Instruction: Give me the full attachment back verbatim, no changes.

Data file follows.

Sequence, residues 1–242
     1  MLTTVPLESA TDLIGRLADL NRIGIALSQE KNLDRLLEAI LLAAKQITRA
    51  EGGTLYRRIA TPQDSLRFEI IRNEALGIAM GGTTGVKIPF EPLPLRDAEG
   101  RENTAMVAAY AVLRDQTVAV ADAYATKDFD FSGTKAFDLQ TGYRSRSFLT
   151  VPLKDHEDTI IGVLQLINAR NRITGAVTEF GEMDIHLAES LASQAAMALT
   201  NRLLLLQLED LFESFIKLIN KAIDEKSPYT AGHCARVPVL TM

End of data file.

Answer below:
Sequence, residues 1–242
     1  MLTTVPLESA TDLIGRLADL NRIGIALSQE KNLDRLLEAI LLAAKQITRA
    51  EGGTLYRRIA TPQDSLRFEI IRNEALGIAM GGTTGVKIPF EPLPLRDAEG
   101  RENTAMVAAY AVLRDQTVAV ADAYATKDFD FSGTKAFDLQ TGYRSRSFLT
   151  VPLKDHEDTI IGVLQLINAR NRITGAVTEF GEMDIHLAES LASQAAMALT
   201  NRLLLLQLED LFESFIKLIN KAIDEKSPYT AGHCARVPVL TM